This section is a brief overview of the steps involved in constructing a waffle pod concrete house slab. This overview leaves out certain steps for example engineer testing the soil will generally happen weeks before the slab is designed. Planning of the slab and material purchase will change from job to job. Concrete house and building slabs are a significant part of the cost, this overview attempts to give a general outline of where the costs are.
1. A site is cut to near level with a bulldozer, drott or backhoe.
2. The surveyor set pins in the ground to mark out the floor area and give tradesmen points to measure from.
3. Plumbers and electricians dig trenches to lay pipes and services for bathrooms and kitchens, that are under the slab.
4. Concretors arrive. using bobcats and excavators we dig footings and piers to engineer specification and level the site using laser level tools.
5. We fill the footings and piers with steel cage.
6. We then erect temporary formwork or boxing as it is commonly called. This will provide the shape of the slab and hold the concrete while it dries.
7. We lay plastic to prevent the damp rising and ground moisture, we then lay waffle pods, this provides the slab height and creates ribs/beams between the waffle pods which will be filled with concrete and provide strength.
8. We lay heavy steel bar in the beams between the waffle pods creating a bottom layer of criss-crossing steel.
9. We then lay top steel mesh, raised on chairs on top of the waffle pods.this holds all the concrete together.
Note- The engineer designs of house slabs are very thorough and there is plenty of strength. Footings, bottom and top steel as well as extra steel in corners and other structural areas combine to create a very rigid durable structure.
Pouring the concrete is another process. Due to the nature of concrete, to provide a slab that fits engineer specifications it must be completed in one pour. Basically once you start you have to keep going rain, hail or shine. In wet weather this will extend the finishing time, in hot weather it accelerates it. Pouring the concrete slab is basically non-stop work until it is finished.
1.We set a laser to give us a finished concrete height. usually 85-100mm thick.
2. We use a pump with a boom to place the concrete, vibrating tools ensure the concrete settles everywhere it needs to be.
3. We use the laser level to set concrete height pads, we use a screed to join the areas between two pads, this gives us a benchmark to work to. We use the screed between two benchmarks to level and smooth the concrete.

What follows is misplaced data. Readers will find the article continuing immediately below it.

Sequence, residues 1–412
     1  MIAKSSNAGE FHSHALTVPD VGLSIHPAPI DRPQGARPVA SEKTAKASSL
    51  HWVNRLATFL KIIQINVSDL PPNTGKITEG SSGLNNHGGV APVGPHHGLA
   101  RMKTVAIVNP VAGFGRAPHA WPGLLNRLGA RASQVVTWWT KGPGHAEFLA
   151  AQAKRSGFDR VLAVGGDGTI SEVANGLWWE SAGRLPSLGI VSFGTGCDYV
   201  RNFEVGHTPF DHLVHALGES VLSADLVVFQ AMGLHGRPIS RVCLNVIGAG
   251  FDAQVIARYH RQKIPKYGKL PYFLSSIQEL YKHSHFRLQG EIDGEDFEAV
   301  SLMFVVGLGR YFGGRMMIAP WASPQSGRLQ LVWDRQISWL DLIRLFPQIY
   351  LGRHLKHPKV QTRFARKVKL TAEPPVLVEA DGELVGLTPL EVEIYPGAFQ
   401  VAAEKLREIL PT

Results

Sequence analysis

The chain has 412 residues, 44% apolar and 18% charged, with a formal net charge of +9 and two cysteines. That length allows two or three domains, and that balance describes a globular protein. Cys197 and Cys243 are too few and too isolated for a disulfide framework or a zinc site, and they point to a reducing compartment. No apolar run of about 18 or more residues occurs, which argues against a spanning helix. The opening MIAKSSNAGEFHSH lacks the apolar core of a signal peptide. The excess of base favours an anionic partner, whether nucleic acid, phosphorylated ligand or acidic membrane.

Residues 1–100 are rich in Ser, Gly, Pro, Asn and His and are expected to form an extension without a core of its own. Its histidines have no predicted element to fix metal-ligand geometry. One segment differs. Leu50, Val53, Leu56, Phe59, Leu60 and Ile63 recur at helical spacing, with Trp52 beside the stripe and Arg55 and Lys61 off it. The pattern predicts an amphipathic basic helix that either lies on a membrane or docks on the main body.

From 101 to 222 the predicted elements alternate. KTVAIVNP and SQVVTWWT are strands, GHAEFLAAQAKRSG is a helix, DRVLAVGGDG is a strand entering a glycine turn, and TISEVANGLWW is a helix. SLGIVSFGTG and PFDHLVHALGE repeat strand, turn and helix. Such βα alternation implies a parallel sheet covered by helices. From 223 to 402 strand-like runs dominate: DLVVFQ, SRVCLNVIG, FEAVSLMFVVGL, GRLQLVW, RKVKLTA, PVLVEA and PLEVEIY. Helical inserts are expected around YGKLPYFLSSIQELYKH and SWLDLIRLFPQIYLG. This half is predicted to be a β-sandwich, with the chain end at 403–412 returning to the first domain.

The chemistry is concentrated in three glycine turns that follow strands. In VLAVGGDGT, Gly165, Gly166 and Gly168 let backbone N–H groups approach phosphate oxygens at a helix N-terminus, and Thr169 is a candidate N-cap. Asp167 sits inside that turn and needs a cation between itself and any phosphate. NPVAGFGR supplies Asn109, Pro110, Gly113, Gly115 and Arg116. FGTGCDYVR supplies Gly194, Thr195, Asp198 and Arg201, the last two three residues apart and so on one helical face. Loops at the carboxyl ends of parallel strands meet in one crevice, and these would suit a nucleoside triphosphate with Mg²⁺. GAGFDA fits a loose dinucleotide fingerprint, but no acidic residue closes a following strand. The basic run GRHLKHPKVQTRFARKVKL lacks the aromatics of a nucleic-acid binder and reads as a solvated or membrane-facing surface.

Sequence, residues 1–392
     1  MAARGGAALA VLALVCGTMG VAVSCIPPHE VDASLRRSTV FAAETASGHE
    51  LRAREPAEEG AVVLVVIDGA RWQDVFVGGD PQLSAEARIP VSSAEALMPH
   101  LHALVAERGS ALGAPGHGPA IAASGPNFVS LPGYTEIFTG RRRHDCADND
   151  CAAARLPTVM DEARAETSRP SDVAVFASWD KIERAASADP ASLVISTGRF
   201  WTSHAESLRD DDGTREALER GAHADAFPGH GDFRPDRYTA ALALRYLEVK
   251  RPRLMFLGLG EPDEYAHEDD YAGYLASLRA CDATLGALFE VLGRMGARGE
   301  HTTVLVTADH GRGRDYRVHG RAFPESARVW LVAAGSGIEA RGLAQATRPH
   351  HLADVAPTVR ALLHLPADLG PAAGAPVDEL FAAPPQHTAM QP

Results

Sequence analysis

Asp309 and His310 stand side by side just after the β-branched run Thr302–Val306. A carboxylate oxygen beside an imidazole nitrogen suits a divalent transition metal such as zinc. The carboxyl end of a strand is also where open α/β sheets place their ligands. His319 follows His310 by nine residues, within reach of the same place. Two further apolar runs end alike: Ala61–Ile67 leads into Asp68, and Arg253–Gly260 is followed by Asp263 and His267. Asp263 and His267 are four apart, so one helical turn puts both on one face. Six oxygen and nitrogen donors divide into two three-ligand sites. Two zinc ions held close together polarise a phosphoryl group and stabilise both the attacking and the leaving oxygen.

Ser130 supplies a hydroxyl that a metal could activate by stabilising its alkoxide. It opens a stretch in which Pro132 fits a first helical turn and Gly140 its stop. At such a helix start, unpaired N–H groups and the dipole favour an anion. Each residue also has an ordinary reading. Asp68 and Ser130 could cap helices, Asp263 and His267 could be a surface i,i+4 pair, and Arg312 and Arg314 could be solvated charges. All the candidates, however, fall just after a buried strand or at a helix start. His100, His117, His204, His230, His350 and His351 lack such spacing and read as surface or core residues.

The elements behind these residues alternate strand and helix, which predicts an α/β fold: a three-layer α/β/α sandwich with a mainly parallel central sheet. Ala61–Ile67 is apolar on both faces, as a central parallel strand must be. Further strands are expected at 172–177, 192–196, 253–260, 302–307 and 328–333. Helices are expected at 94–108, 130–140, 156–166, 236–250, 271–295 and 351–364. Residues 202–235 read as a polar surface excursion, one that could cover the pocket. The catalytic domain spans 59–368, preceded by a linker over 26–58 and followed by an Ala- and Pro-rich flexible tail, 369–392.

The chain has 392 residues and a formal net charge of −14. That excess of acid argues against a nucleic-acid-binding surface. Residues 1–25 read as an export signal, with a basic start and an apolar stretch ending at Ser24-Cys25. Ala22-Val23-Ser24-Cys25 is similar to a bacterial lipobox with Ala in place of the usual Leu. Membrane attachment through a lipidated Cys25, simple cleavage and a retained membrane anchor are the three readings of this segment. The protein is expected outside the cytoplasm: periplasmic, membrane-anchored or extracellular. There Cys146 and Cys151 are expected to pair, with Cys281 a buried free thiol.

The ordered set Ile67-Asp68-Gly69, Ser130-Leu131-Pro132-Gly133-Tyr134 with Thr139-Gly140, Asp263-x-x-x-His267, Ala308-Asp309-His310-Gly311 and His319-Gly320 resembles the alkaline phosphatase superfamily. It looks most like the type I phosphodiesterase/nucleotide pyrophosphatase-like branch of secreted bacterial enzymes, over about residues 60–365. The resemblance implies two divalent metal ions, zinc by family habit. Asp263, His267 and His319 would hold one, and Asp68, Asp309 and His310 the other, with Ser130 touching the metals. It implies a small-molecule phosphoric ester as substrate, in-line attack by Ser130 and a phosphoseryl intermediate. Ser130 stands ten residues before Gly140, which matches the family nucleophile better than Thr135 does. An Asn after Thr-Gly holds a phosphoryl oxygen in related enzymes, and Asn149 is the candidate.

4. We use various other tools in further steps to gradually smooth the concrete surface and close the pores and imperfections in the concrete as it dries to give it a smooth flat finish.
5. A concrete trowel machine or “helicopter” is used to further smooth and close the surface.
6. The last step in finishing will be to “water wipe”. When the concrete is very close to fully dry we use a hand trowel and water bottle to go over the entire area by hand to give the perfect finish.
8. While the finishing stages are occuring other workers will be removing the formwork, cleaning and re-loading it back on to the truck.
Pouring concrete can be very tough work, especially in the summer. Its all hands on deck as the concrete can go off very quickly and there is no time to rest until it is finished. There will be workers finishing the concrete while others remove the boxing, its up to the skill and experience of the tradesmen to “read” the concrete and decide when to complete the needed steps. Its important to get it right as there is no second chance with concrete, once its hard, thats it. Everything can get hectic, but our experience and systems ensure we get it right.
As you can see there is quite a lot of steps involved and all the material and costs add up. surveyors, machine operator, concrete pumps and the concrete itself are all expenses that must be taken into consideration. Not to mention the manpower needed to complete the work correctly, its impossible to do this job without experienced men on the job working very hard. Finally the concreters skill, training, insurances materials and equipment usage are all things that must be accounted for. The basic amount for a vehicle and the tools to complete house slabs are close to a $100000 investment alone.
Considering all this, concrete is one of the most cost effective building options. The longevity and durability of concrete as well as its ability to be formed into shapes for many applications and its multiple uses make it an outstanding investment. Concrete construction may be something you only need to buy once, make sure you get someone who does it right the first time.
Call Brisbane Concrete for the best quality work at the best price.